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This chapter is from the book

Lesson 15: Controlling the Playback of a Movie Clip

Example file: Mcplayback.fla

Movie clips are like extra little Flash movies inside your main Flash movie. They contain a complete timeline with layers and most of the elements of your main Flash movie. You can control your main Flash movie with commands such as play() and stop(). You can also control a movie clip with these commands.

On the CD, in a file named Mcplayback.fla, you'll see a movie clip named MyMovieClip in the library. This movie clip contains 10 frames labeled with some text so that you know which frame of the movie clip is being shown at which time.

By dragging that movie clip from the library to the Stage, you are creating an instance of that movie clip. You can and should name these instances. To do this, use the Property inspector. In Figure 3.1, you can see the Property inspector used to name the instance myMovieClip.

Figure 3.1Figure 3.1 The Property inspector allows you to name movie clip instances.

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You might have noticed that the movie clip instance is named the same as the movie clip in the library. This is commonly done when you are creating exactly one instance of a movie clip and have no plans to create more. The name of the instance is easier to remember when it is the same as the library item.

The example movie also has five buttons in the library. These have been placed on the Stage just under the movie clip instance. You don't need to name the button instances—in fact, you can't. Unfortunately, buttons by themselves cannot be referenced by code in any way, so there is no need for a name.

After the movie clip and the five buttons are on the Stage, you should get something that looks like Figure 3.2. The buttons look like video tape recorder controls, and that's exactly how they will be used.

Figure 3.2Figure 3.2 The buttons allow you to control the playback of the movie clip above them.

The five buttons have complete control over the movie clip. The play button starts the movie clip moving forward. The clip continues to move forward, looping around to the beginning when it reaches the end. The stop button halts the movie clip at its current frame. The rewind button takes the movie clip back to frame one and stops it. The previous and next buttons advance the movie clip one step and stop it there.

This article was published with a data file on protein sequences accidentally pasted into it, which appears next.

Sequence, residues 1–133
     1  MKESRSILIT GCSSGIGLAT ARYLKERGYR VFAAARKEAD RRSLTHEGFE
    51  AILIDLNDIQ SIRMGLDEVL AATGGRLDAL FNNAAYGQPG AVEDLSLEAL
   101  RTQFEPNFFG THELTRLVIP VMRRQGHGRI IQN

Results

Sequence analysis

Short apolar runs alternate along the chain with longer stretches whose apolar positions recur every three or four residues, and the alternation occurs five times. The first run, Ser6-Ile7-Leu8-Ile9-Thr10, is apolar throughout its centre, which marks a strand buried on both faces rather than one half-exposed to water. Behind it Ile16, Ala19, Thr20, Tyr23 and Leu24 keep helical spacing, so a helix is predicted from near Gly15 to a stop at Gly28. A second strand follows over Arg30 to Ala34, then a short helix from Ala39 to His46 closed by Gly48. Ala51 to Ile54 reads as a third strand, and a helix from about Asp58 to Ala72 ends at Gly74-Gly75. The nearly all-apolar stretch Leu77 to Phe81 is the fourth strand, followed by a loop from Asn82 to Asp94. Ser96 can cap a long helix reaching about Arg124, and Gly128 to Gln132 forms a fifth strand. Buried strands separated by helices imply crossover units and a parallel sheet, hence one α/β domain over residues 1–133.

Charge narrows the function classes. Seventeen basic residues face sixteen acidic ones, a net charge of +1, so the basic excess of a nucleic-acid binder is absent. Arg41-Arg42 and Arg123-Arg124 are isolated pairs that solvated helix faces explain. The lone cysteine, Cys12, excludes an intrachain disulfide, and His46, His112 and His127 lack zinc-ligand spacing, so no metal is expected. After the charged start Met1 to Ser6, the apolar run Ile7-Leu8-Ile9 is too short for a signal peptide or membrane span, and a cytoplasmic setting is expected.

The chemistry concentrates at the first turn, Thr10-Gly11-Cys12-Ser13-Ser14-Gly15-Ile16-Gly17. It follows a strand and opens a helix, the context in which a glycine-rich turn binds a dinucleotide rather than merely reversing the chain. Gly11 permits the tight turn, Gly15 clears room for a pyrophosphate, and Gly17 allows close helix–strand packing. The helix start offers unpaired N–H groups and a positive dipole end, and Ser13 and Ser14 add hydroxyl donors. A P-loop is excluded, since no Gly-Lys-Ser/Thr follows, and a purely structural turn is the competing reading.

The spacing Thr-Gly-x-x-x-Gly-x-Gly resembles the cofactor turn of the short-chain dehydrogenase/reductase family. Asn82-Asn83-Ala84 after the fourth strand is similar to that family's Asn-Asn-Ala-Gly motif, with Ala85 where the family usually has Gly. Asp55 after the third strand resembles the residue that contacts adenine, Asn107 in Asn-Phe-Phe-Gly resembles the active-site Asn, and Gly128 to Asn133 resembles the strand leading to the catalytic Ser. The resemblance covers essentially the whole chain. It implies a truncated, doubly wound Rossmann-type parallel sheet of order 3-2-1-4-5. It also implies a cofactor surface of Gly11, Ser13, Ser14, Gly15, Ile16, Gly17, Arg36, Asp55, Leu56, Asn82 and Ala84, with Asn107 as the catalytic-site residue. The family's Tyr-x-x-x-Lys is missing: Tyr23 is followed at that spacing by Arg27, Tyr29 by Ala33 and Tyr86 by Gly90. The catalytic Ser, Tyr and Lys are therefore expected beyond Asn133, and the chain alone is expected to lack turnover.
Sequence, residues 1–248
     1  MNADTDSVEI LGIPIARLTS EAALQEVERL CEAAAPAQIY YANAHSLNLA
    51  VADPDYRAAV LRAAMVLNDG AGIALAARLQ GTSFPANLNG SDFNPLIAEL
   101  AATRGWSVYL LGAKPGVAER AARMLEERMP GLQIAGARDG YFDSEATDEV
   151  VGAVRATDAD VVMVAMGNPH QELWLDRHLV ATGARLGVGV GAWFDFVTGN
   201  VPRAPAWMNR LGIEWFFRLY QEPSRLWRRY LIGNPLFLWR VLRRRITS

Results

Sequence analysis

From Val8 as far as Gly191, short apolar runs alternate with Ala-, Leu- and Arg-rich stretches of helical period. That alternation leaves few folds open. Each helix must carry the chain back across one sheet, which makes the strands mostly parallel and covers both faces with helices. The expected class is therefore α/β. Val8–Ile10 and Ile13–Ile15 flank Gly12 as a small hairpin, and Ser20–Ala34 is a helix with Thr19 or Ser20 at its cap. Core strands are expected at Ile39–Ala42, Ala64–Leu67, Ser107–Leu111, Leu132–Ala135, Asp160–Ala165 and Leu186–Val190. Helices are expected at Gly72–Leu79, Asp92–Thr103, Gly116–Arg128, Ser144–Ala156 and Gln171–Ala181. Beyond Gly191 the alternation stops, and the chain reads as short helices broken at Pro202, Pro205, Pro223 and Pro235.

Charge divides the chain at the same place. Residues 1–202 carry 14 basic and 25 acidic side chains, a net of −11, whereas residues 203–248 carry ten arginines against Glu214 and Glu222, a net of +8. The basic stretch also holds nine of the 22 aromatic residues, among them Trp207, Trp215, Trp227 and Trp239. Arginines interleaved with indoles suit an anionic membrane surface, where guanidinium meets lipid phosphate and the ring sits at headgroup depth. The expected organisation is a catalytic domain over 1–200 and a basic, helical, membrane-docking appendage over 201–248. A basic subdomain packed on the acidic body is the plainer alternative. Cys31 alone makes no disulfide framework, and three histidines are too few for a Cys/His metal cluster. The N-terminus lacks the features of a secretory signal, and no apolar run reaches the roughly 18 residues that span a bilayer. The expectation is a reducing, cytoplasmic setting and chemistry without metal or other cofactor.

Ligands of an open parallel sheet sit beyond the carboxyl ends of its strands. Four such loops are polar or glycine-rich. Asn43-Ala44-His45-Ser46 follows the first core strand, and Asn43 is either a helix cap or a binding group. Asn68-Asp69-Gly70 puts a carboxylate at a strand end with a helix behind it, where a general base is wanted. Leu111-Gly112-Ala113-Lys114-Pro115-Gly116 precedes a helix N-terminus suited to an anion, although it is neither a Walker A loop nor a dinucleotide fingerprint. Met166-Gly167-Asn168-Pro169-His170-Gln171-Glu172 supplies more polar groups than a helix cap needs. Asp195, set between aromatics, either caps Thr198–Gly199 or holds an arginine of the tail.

Before the movie turns over control of the movie clip to the user, it must tell the movie clip to stop moving. Movie clips naturally want to start going as soon as they appear on the Stage. To prevent this, the following frame script was placed on the first frame of the main timeline. It stops the movie clip from animating, and also tells the main movie to stop.

myMovieClip.stop();
stop();

By using the dot-syntax, the first line tells the movie clip instance named "myMovieClip" to obey the stop() command. The second line has no instance name before it, so the command is issued to the same place where the script is located—in this case, the main timeline.

The button scripts use the same dot-syntax to send their commands to the movie clip. Here is the play button's script, which tells the movie clip to play():

on (press) {
  myMovieClip.play();
}

The stop button sends the stop() command to the movie clip.

on (press) {
  myMovieClip.stop();
}

The rewind button needs to tell the movie clip to return to the first frame and stop there. The gotoAndStop() command with the parameter 1 does just that.

on (press) {
  myMovieClip.gotoAndStop(1);
}

The previous and next buttons move the movie clip backward or forward one frame. The prevFrame() and nextFrame() commands can be used for this. Here are both scripts:

on (press) {
  myMovieClip.prevFrame();
}

on (press) {
  myMovieClip.nextFrame();
}

Although the purpose of this lesson is to teach you how to control the playback of movie clips, you can actually use the method in this example as a way to play back an animation or even a slideshow with Flash.

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